And through it all, we hold onto Isaiah’s hope: Another world is possible. Another world is on the way. God is making all things new. We are being re-created for God’s delight and our own. Our prayers will be heard. Our divisions will be healed. Our labor will not be in vain. All creatures can flourish together in peace and plenty.

We will draw water with rejoicing from springs of salvation. The lion shall lie down with the lamb. God’s love will draw all creation together in joy.

And even now, friends, in this broken world, we see glimpses of the new heaven and the new earth that God is creating. We see people standing up for what’s right with their words and their money and their actions, and we find our call to follow Jesus boldly. We discern together amid crisis, and we find our quiet bit of work to do amid the chaos. We become part of God’s love transforming love when we care for each other and our neighbors. We claim the peace and flourishing and rest God offers whenever we find it.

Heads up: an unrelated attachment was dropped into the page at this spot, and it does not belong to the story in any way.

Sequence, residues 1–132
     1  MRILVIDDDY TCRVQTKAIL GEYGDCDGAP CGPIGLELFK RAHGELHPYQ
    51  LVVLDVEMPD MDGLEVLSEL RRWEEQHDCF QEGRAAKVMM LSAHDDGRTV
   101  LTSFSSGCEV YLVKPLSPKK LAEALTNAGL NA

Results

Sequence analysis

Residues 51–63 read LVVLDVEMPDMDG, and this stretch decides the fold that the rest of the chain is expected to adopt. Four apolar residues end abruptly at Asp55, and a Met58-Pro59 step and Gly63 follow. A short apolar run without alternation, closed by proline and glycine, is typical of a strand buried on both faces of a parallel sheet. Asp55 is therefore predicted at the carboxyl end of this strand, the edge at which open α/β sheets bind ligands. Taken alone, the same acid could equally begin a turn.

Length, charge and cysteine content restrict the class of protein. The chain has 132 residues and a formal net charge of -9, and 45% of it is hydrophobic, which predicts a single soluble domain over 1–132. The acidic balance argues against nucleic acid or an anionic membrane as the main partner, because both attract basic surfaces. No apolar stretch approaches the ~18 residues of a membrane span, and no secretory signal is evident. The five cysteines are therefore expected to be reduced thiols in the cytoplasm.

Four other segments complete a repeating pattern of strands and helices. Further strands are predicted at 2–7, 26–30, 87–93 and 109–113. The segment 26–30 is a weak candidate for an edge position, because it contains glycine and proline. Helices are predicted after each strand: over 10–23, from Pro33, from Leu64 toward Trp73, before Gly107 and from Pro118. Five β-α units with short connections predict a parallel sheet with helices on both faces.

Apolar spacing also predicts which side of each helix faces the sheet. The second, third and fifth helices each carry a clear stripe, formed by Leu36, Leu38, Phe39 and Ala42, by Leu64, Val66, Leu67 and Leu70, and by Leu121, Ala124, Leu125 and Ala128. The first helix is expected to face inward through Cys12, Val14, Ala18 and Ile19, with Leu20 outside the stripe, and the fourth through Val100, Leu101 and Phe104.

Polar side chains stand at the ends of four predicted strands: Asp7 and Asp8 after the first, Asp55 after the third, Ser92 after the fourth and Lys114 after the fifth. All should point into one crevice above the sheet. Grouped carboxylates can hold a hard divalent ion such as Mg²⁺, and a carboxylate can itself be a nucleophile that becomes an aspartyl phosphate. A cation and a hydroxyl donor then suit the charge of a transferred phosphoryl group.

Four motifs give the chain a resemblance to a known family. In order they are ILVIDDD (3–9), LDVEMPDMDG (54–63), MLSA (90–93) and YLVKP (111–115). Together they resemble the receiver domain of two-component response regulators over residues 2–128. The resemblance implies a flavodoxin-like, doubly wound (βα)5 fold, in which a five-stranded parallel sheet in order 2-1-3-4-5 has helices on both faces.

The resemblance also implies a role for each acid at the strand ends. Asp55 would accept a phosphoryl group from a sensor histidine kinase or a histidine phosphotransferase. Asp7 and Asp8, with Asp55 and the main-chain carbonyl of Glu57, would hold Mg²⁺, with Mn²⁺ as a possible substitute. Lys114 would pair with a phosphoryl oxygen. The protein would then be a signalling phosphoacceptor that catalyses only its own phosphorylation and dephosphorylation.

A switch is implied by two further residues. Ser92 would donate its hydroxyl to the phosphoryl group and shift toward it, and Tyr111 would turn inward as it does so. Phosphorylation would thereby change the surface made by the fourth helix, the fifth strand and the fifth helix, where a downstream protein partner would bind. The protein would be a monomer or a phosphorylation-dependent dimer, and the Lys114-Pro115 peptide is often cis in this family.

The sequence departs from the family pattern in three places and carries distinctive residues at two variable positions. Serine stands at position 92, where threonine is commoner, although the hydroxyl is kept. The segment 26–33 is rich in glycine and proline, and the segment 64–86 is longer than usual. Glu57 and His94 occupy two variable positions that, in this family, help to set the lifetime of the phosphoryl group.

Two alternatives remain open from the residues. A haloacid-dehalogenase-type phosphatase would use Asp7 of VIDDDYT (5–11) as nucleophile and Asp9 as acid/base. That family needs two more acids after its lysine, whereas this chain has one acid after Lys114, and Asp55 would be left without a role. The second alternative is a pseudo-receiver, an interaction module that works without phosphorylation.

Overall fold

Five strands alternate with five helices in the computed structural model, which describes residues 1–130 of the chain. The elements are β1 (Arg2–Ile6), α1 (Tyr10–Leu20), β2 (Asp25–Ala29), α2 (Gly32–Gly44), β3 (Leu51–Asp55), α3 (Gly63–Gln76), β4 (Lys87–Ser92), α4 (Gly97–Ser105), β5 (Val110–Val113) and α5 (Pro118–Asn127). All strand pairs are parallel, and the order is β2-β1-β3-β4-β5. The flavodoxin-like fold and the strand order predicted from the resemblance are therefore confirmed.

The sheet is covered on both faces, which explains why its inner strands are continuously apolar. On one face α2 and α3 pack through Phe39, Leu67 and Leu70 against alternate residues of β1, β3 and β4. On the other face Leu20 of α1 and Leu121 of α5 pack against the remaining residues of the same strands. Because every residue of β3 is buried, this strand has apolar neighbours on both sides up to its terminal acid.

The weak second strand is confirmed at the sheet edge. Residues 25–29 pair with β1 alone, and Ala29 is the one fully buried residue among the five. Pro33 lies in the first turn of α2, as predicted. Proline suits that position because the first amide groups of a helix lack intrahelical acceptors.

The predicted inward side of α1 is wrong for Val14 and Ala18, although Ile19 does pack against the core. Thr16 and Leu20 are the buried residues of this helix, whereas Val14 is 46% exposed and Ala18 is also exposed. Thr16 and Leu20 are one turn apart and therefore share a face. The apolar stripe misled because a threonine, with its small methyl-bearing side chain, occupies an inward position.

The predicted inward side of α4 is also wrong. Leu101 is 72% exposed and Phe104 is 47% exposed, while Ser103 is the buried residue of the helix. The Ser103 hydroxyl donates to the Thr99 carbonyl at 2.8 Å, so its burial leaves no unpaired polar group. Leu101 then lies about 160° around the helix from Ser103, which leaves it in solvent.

We follow a vision of hope. We labor to make this world even a little bit more like the world God creates anew. We rest to sustain our work and ourselves, knowing that we are created for delight.

So may we trust that the Holy Spirit is moving among us to inspire our vision of hope, to strengthen our hands as we labor for what is right, and to give us rest and delight along the way.


The beginning of 2 Thessalonians in Greek from the 10th-century Egerton Manuscript (accessed through the British Library online).

The Seventh Sunday of Easter

St. Paul’s, Evansville | Joanna Benskin | 29 May 2022 | Revelation 22:12-14, 16-17, 20-21